Ready to rock Hot Springs again
The organizers of the 12th annual Valley of the Vapors music festival managed a “perfect storm” scheduling wise, with the five-day event overlapping with both the South by Southwest festival in Austin, Texas, allowing them to snag performers coming and going from there, and with spring break, hopefully bringing in lots of young people to the shows.
The event runs March 18-22, starting the day after St. Patrick’s Day, coinciding with SXSW, which runs March 15-20, and Bill Solleder, VOV executive director, said, “Hopefully we’ll get a good attendance. It gets bigger every year.”
They have about 40 bands lined up already, but anticipated having 60 or more by the time it starts, compared to last year with 35 bands. Solleder said they’ve expanded the number of venues, with shows planned for Maxine’s, Fat Jack’s, the Ohio Club, Kollective Coffee and a crawfish boil being held in Hot Springs Village in conjunction with the event.
“Every year we try to expand it just a little bit. Baby steps. More bands. More venues. The staff has expanded and we started working on plans for it way earlier,” Solleder said.
Bobby Missile, VOV curator, said, “It’s a situation where a lot of the bands don’t find out what their (SXSW) schedule is going to be until the end of January so they’re still trying to get their tour together. There are a lot of really cool bands who will call us at the last minute wanting to play so we’re trying to reserve as many spots as we can to allow for them.”
This year, bands were able to submit their requests to be included via the event’s website at www.valleyofthevapors.com, and it’s been Missile’s job to “sift through all the applicants,” Solleder said, noting they already have bands from seven countries and 15 states so far.
“I’m spending a lot of time listening to music,” Missile said. “But it’s not just about the music. We’re looking for bands that have a strong stage presence and maybe a good following. Some kind of motion going on with themselves.” He said they have bands lined up from Japan, including returning favorites Peelander Yellow, and bands from Israel, Brazil, the United Kingdom, Canada and maybe even Iran.
Solleder noted instead of trail shows, where concert-goers would follow the bands to woodland locations, they were going to be focusing on “open air” free shows at Adair Park during the day. “We’re trying to simplify a little this year,” he said. “It’s still the same idea of being outside. That’s such a great setting there.”
They will also have work shops at 4 p.m. every day at Emergent Arts, 341 Whittington Ave., including a knitting workshop by Kelley Deal, lead guitarist for the Breeders, a popular alternative rock band formed by her identical twin sister Kim Deal of the Pixies. Deal will also be performing with her side project, R. Ring.
Solleder said Deal is a former heroin junkie who “traded one needle for another,” and began knitting in recent years. According to Wikipedia, she specializes in knitted handbags, which she sells on her website and in 2008 released a book of her knitting handbag patterns. Other workshops include a silk screen poster artist and “some other surprises.”
There will be free shows offered at 5 p.m. each day at Kollective Coffee and Tea, 110 Central Ave., featuring “ambient electronic sounds” and acoustic shows. “Easy on the ears,” Solleder said, noting, “We try to keep the volume down during the day.” They will also be having secret shows, where “you know who’s playing but not where until shortly before. It adds an element of surprise.” The shows are held at various, sometimes unusual locations, around town.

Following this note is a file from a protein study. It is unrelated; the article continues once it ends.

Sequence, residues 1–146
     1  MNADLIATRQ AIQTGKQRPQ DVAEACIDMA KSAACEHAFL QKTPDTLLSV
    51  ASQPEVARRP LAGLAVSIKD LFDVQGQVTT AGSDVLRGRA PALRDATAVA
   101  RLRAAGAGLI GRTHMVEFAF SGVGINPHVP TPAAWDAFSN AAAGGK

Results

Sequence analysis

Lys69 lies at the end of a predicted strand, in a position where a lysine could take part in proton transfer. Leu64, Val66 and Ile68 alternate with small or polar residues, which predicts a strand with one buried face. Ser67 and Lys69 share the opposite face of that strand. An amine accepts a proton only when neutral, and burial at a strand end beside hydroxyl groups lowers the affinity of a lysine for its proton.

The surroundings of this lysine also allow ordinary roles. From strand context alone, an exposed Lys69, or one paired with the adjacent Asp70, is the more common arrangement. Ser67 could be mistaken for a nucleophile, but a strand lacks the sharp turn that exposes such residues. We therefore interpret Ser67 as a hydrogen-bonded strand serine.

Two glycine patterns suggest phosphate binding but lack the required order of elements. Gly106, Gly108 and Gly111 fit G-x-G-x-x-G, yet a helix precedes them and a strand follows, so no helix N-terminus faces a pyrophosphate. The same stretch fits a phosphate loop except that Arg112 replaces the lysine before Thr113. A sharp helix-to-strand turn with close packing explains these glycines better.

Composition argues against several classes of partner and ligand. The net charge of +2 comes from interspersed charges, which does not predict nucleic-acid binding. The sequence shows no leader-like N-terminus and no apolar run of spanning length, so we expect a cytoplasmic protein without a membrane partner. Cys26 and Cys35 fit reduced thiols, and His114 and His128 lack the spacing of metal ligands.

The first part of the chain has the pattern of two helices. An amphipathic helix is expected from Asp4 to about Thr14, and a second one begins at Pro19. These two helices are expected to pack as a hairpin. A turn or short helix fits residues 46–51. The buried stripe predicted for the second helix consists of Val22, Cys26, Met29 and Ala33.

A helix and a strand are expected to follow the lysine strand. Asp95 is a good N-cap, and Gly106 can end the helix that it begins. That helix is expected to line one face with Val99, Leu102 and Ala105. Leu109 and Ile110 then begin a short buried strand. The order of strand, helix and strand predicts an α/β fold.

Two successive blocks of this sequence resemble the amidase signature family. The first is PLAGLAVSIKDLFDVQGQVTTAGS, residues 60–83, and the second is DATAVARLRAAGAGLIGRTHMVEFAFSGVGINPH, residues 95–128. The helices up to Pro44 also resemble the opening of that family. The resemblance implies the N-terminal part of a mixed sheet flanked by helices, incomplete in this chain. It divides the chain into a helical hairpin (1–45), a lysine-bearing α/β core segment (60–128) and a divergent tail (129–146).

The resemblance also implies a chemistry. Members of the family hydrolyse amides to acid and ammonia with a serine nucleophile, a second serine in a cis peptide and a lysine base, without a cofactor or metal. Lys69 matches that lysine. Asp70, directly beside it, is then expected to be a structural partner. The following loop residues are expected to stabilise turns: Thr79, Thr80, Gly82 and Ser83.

The shows held at Low Key Arts, 118 Arbor St., will begin at 7 p.m. each day. Shows will be held at Maxine’s, 700 Central, the Ohio Club, 336 Central, and Fat Jack’s, 101 Central, at different times, he said, noting some of those shows may be starting later at night.
Some of the acts to catch include Yonatan Gat, former guitarist for the Monotonix of Israel, who began touring the U.S. and Europe after finding themselves banned from most venues in their country due to the “wild nature of their concerts,” according to Wikipedia. “It’s one of the wildest shows you’ll ever see,” Missile said, noting Gat was voted as best guitar player in New York by the Village Voice in 2013.
Also appearing will be Gus Unger-Hamilton, of the United Kingdom, from Alt-J, “one of the biggest bands in the world right now,” according to Missile, who was guitar tech for the band’s U.S. tour. The band sold out two nights at Madison Square Garden.
The Grandchildren, out of Philadelphia, “one of the better touring bands in the country,” will be making a repeat appearance as well as Moon Honey, offering “orchestral indie rock,” Astronauts, Inc., the Saratones from Shreveport, La., Shilpa Ray from Brooklyn, and Juice Boxxx from Milwaukee., offering classic rap. “Chuck D of Public Enemy called (Juice Boxxx) the Buddy Holly of hip-hop,” Missile said.
“We have all different genres of music. I check out videos of the bands’ lives shows to make sure they can pull it off,” he said. “We want to have a quality festival with great bands.”
Tickets are $10 a night at Low Key Arts, but festival passes for all five nights are available for $75, and VIP passes for $100 which includes a T-shirt, special edition silk screen print and access to the VIP Lounge upstairs after the shows.